The initiative calls on universities to encourage their campus communities to get vaccinated.
An aeronautical engineering degree from Texas A&M prepared Frank D. Frazier ’51 for two wars, a space race and piloting more than 30 types of airplanes.
The Department of English's Kris May discusses the origins of the month-long celebration.
A new NIH-funded grant supports studying phages as a preventive, therapeutic approach.
Texas A&M's Fort Worth-based law school's employment rate of 93.85 percent also puts it at No. 10 in the nation, according to data from the American Bar Association.
The Texas A&M Engineering Experiment Station National Center for Therapeutics Manufacturing meets the need for workers.
The river is integral to Texas' irrigation. High salinity is changing the agricultural landscape.
The world will need to plan ahead and develop systems for fighting the next outbreak, Texas A&M experts say.
A new study from a team including a Texas A&M archaeologist shows that the extinct species popularized by "Game of Thrones" was only a distant relative of today’s wolves.
Texas A&M employees have four more days to be tested. The new deadline to upload test results is Jan. 19.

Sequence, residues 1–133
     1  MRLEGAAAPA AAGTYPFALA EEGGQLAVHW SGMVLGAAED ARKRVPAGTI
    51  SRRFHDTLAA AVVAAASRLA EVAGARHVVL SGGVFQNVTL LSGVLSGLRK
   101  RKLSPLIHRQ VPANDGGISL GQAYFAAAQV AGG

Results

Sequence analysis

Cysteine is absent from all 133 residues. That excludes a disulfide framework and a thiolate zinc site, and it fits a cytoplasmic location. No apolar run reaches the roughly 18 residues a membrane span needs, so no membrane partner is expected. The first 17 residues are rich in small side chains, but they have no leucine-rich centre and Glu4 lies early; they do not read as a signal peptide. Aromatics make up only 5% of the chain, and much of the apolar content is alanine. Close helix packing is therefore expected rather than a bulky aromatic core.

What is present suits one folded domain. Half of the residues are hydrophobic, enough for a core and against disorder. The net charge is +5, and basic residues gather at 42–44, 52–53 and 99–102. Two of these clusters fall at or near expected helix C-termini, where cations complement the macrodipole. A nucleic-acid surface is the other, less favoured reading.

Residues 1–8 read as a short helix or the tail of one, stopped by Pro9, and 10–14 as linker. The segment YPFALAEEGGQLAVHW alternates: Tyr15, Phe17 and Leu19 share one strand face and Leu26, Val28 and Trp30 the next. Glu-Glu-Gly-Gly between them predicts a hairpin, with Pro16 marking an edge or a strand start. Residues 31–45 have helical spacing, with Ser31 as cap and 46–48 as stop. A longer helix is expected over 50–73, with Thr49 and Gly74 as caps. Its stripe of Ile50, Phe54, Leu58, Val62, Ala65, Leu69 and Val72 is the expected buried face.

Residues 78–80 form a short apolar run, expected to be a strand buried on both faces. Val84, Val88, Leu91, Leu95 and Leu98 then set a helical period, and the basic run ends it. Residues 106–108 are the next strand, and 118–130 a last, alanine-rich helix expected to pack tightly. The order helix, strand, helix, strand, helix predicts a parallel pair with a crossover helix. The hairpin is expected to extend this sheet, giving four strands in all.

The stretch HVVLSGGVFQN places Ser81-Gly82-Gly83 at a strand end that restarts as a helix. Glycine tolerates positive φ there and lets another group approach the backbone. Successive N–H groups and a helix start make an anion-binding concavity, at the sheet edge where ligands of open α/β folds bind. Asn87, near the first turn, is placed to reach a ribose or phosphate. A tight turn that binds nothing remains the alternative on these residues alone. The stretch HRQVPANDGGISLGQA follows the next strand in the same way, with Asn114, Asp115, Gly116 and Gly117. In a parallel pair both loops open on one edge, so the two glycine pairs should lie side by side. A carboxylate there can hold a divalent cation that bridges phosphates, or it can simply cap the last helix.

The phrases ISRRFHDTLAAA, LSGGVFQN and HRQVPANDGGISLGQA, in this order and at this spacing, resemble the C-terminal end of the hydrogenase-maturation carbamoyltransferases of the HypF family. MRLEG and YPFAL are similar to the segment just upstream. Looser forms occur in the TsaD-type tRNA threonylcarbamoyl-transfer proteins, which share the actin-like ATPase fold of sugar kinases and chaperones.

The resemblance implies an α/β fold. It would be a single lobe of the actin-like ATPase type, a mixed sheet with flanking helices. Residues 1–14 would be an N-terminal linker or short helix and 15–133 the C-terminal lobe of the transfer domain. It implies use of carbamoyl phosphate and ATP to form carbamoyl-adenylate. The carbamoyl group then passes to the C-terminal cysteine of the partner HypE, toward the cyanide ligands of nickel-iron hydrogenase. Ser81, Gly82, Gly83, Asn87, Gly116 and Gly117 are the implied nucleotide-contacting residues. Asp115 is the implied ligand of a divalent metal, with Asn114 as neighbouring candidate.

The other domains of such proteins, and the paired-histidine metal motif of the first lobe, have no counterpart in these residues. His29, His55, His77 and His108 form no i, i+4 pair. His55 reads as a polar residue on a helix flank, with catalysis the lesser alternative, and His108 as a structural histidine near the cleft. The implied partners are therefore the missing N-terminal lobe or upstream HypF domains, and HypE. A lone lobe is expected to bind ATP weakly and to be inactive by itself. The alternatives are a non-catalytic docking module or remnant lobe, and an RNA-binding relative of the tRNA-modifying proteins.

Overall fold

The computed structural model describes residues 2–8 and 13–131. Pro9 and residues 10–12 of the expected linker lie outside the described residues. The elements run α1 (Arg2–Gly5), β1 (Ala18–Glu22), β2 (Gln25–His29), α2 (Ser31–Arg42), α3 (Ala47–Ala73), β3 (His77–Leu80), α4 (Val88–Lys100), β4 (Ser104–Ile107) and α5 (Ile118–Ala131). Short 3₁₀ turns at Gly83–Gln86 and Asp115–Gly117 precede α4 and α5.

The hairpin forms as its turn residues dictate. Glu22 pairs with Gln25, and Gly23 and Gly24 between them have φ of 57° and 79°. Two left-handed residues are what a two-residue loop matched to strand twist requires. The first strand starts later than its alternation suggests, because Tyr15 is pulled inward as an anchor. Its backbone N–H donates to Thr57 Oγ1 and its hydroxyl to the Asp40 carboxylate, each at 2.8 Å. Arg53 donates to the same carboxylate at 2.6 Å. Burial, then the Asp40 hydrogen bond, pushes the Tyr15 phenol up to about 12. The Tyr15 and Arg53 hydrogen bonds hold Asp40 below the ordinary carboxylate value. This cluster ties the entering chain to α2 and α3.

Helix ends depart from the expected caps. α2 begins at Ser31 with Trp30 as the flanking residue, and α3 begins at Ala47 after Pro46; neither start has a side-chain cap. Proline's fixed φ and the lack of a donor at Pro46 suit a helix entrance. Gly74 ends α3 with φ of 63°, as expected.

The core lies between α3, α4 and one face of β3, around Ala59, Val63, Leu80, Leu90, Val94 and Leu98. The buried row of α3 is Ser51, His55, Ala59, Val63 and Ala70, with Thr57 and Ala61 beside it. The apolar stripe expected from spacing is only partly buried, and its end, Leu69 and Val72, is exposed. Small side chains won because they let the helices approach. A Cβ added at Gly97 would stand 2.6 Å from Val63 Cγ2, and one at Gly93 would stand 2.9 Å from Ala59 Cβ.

A study found that disrupting the metabolic pathway in the initiation, growth and progression of melanoma could lead to development of new treatments.
Reflections on the history and importance of the new national holiday.
New Student Conferences, summer camps will be held.
A government report on unidentified flying objects is coming soon. Texas A&M astronomer Nick Suntzeff weighs in.
Researchers from Texas A&M and the Virginia Institute of Marine Sciences discovered that sea levels are rising at rates that are close to a tipping point for widespread marsh drowning.
Researchers at Texas A&M will use brain imaging and neuroergonomics to examine trust in automation and driving behavior.
The collection of a former Texas A&M professor includes several rare treasures, such as the gun used to kill Billy the Kid.
Texas A&M’s recent X-Grant awards represent 73 A&M faculty, researchers and staff from 13 colleges.
Researchers at Texas A&M can predict whether metallic nanoparticles in soil are likely to be absorbed by plants, which could cause toxicity.